Living God’s Best

I ran into a friend yesterday, and she asked, “Are you okay?” She had a look of concern on her face, and I assured her that I was. She had read my Blog about the Cancer scare, and wanted to make sure I was all good. She is not the only friend that wasn’t sure, so let’s see if I can be more clear.

What we go through in life is a test of some sort.

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I don’t believe there is Cancer in my breast. The technician wasn’t sure what she was seeing during the sonogram, so I had the films sent to my Oncologist who knows my history. He didn’t see anything concerning, but wants to see my next film in six months. I’m not worried, so don’t you be either!

God used that situation to reach the right people, and I now have really good health insurance!

In March, or April of next year, I will have another mammogram, and have faith for God’s best. Since walking out of the imaging center a month ago, I have made life changes, and am still making them. When God shows me His best, I want to give Him my best in return. The entire incident brought this to the forefront of my mind.

“What do I want my life to look in six months? Am I living God’s best?”

In Six Months

Once Cancer leaves your body, it doesn’t completely leave your mind. I said no to going to see my Breast Surgeon.

Instead, I called the imaging center, and asked them to send the films to my Oncologist. If I had to choose who to go see, it would be him. His office called and he agreed with the Radiologist. He’s not concerned, but wants to see me in six months.

When I left the imaging center, those words were playing on a loop in my mind. “See you in six months.” How would I live my life the next six months? What have I been putting off doing? I listened to my heart the whole way home.

As soon as I walked through the door, I bought concert tickets to see Noah Gundersen.

My daughter has seen him in concert, and he is one of our favorite artists. He’s not very well-known, so the tickets are cheap. She wants me to see him in concert, and she asked for these tickets as part of her birthday in August.

She had a priority list of things she’d like for her birthday, and we did everything on her little list, except the tickets. He’s playing in Houston, so that meant spending the night. I called my co-worker, and asked if I could work her hours. She said yes, so I made the extra money to enjoy the upcoming concert, and we will spend the night in Houston.

My daughter thought maybe I cancelled my appointment because of money. I said, “No darling. We have the money, but we are going to see Noah, and cherish the moment.”

Wait With Me

I write about a beautiful life, and that is my hearts desire to share with you. Right now, I feel the need to get this out, and writing always helps soothe the soul.

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Once again, I am waiting.

Last Friday, I went in for my 6 month checkup, and had a mammogram.

It began as routine, and then the technician came in for more scans. This is the left breast that held Cancer last year. After having 6 scans, I was escorted into the sonogram room. The technician rolled the handheld device over my breast for what seemed like a very long time. She sent the scans to be reviewed by the doctor, and in came the doctor.

The doctor tried to sound casual as she spoke. “You have a couple of areas I’m not sure about, but they are not screaming Cancer to me. I’d like to see you again in six months.”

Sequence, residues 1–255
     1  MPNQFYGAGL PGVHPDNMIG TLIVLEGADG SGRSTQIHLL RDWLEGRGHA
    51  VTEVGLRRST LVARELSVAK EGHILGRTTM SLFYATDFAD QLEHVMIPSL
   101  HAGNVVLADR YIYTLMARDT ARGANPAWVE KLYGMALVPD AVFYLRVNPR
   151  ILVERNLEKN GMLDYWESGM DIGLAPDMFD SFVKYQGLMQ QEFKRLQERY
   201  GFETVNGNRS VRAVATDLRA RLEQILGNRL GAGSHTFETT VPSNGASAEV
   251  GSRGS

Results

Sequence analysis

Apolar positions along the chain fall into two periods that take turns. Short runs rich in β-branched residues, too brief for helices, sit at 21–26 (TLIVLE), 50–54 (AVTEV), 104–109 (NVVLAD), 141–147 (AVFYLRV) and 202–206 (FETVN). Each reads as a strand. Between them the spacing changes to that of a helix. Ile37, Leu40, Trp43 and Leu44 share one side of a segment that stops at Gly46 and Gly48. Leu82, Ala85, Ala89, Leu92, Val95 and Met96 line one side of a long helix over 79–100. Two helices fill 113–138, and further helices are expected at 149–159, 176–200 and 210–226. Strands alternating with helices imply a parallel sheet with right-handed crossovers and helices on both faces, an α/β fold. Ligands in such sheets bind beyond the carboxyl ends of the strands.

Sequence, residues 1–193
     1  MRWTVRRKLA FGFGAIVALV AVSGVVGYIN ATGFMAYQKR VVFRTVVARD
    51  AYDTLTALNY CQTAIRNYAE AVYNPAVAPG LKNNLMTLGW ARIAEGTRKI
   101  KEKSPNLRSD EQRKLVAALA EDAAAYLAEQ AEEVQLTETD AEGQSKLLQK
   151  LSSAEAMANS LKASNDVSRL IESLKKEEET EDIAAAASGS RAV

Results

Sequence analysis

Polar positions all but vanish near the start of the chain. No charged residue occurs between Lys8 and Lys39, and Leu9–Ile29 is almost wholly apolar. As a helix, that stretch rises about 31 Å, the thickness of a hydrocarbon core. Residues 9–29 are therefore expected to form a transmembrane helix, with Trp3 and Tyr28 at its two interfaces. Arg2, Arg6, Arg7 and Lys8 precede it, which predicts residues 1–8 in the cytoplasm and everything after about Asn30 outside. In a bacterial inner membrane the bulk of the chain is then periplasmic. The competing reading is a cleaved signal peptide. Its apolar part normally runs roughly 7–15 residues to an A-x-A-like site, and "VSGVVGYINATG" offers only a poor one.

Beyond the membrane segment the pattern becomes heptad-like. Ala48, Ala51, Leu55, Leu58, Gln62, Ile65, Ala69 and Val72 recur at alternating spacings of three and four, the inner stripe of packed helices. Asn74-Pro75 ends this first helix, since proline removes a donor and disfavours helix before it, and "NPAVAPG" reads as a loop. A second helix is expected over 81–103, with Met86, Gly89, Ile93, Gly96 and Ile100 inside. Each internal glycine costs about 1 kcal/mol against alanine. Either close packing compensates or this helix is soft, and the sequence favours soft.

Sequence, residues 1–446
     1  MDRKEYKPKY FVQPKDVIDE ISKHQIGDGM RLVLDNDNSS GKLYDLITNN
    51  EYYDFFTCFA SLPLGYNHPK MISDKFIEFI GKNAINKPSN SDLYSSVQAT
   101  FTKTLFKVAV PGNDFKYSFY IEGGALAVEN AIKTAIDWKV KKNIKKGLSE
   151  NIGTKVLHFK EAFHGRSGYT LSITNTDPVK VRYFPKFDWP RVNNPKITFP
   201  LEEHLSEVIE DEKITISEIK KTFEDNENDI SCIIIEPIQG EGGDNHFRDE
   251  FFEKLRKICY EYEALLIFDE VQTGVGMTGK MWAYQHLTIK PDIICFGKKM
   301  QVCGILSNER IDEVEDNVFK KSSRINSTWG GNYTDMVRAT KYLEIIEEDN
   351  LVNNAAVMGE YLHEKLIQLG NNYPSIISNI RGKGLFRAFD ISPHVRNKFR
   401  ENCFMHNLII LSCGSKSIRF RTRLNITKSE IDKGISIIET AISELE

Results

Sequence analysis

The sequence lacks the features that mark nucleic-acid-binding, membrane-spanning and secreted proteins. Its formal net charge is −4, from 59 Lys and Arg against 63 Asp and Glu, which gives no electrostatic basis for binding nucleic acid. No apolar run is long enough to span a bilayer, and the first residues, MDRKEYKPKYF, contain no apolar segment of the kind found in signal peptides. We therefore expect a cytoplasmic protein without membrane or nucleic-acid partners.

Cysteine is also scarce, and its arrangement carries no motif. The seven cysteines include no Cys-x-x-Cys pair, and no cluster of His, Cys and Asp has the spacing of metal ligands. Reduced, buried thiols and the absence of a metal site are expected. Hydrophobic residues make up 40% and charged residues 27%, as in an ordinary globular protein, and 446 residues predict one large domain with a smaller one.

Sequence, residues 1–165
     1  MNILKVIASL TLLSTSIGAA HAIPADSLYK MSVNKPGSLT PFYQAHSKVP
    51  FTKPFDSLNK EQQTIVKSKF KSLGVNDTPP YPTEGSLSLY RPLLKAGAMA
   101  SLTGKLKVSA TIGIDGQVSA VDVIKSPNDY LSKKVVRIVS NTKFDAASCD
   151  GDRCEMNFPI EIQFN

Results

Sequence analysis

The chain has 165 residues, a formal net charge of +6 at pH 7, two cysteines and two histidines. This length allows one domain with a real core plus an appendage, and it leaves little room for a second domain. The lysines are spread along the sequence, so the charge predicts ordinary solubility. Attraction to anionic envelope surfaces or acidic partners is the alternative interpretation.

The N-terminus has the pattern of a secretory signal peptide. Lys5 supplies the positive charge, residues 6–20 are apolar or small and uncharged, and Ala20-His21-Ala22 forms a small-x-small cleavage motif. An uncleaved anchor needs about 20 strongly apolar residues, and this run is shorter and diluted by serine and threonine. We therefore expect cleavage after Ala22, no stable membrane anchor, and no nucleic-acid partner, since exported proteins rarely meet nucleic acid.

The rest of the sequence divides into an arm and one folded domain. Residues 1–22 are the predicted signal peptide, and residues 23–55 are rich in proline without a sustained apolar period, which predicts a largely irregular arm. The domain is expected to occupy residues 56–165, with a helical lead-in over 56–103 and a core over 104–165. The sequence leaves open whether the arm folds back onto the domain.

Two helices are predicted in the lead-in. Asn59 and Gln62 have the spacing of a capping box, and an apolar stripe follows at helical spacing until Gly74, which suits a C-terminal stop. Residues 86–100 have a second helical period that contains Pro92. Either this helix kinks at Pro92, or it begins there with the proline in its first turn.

Does Cancer scream?

I left there concerned, but not worried. Wasn’t going to jump to any conclusions until my Oncologist saw the film. I knew she would know if there was any cause for concern.

She called today and wants to see me. “There are areas of concern…” Her first available appointment is 10/24, which is almost two weeks away. I ask that you wait with me.

The First Sentence

I opened a letter from the imaging center where I had my most recent mammogram. The words filled the entire page, but after that first sentence, I didn’t need to read anymore.

“We are pleased to inform you that the results of your recent breast imaging exam(s) show no signs of Breast Cancer.”

This last letter was the opposite of the first one I received exactly one year ago. The first letter told me the exam saw Cancer, and the last one said, “End of story.” There was a beginning, and an end, but my story is far from over.

Some of the journey is documented here, but who you see today is the woman on the other side. How did I survive? Through love, and God. That is also what you read about here.

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In the same way the first sentence of that letter caught my attention, so will the first sentence of a Blog. I’ve been reading a lot of Blogs recently, and they show me who I used to be. I’ve had the privilege of being a lot of what I read. The Entrepreneur, Motivational Speaker, Stepford Wife, Preacher/Teacher, and those roles helped create who I am today.

Even though I may not fully see her yet, I know where she’s been. I don’t write long Blogs, because after about 500 words, I lose interest, and imagine you would too.

Do you ever wonder why you’re here? I have been thinking about that a lot, and I don’t really know why. All I know is, God opened this door three years ago, and here I stand.

Seeing who you’re not anymore, helps you along the path of who you want to be.

Every circumstance has strengthened my character, and my relationship with God. Sitting here I am reminded of the first sentence of an Ed Sheeran song. “I gave all my oxygen to people that could breathe.” Been there, done that. Today, I can tell you how good it feels for my body to breathe.

 

Test of Faith

As I was driving to my Mammogram appointment Thursday morning, all these recollections of my Breast Cancer journey came to mind. Driving down a country road, toward the city, I saw a slide show before me.

Moments where my faith was tested, and I was ready to call it quits. Seymour mentioned that I suffered in silence, so why did I feel so exposed?

I arrived at my appointment, was escorted to a screening room, and stood before that massive machine for the first time in a year. The last time I was there, I could only hug it, and sob, but this time was different. The technician had to keep moving the machine upwards to accommodate my height. I was stronger now, so maybe I was standing a little bit taller.

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The technician used the machine to take pictures of both breasts in 3D. When she was done, I went to sit in a private lounge, just for women waiting for the test, or the results.

I sat down across from a woman, I guessed to be retirement age. She had been crying, and was clutching the front of her gown, trying to keep it from falling open. I had been right where she was sitting, so I asked her, “Are you okay?” She started to cry some more.